My stats kind of suck so I am hoping UCSC doesn't let me down.

I toured UC Davis and was thoroughly impressed by their facilities and their faculty. It was on par with what we have here at UC Irvine.. and some of the professors have some AWESOME projects going on. Professors Guo, Larsen, Osterloh, and Land all had some awesome stuff going on, especially in regards to your interest in solar/nano

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Accepted: Stanford, UNC, UIUC, Northwestern

Waiting: Harvard, MIT, Berkeley, Texas

Figure the chips have fallen at this point, although a little surprised I haven't heard from Texas. Maybe I screwed up the application.

For visiting, if you go (a little) over their money limit do they usually pay it all or is it on you?

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Accepted: Stanford, UNC, UIUC, Northwestern

Waiting: Harvard, MIT, Berkeley, Texas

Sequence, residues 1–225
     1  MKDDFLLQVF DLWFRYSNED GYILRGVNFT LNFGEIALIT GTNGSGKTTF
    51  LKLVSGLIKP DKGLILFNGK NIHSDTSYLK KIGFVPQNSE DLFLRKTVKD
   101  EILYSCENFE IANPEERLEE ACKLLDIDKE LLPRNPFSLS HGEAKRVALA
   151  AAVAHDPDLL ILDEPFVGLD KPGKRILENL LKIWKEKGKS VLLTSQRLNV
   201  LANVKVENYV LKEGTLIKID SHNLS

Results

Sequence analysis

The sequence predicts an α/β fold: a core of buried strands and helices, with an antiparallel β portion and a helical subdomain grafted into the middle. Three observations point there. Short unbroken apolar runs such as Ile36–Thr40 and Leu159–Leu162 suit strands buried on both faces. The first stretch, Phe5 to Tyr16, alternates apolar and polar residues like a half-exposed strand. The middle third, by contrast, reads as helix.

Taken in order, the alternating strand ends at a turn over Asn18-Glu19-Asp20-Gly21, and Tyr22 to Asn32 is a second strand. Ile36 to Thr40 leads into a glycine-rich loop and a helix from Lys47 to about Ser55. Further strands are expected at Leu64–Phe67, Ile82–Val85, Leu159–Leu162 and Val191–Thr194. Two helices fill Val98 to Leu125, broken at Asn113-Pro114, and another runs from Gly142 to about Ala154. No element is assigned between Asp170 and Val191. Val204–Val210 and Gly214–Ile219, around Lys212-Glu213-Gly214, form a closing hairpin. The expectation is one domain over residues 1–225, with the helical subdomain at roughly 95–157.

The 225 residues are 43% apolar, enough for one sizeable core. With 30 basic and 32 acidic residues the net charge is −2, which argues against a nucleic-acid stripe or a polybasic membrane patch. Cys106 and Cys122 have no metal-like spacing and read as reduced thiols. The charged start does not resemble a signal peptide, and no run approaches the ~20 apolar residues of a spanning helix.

Figure the chips have fallen at this point, although a little surprised I haven't heard from Texas. Maybe I screwed up the application.

For visiting, if you go (a little) over their money limit do they usually pay it all or is it on you?

From what I've heard it depends on the school (although many are unlimited as long as you book from them).

Also I haven't heard back from UT yet either (not that I care at this point) but I don't know anyone who did hear back from them before last week.

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Hi,

I was wondering if anyone knows if Johns Hopkins has more than one visitation weekend. I have been accepted to/am still waiting to hear from other schools, but I want to begin scheduling flights. I don't want to jinx myself, but in the event that I would be accepted to JHU, I would want to have that weekend available.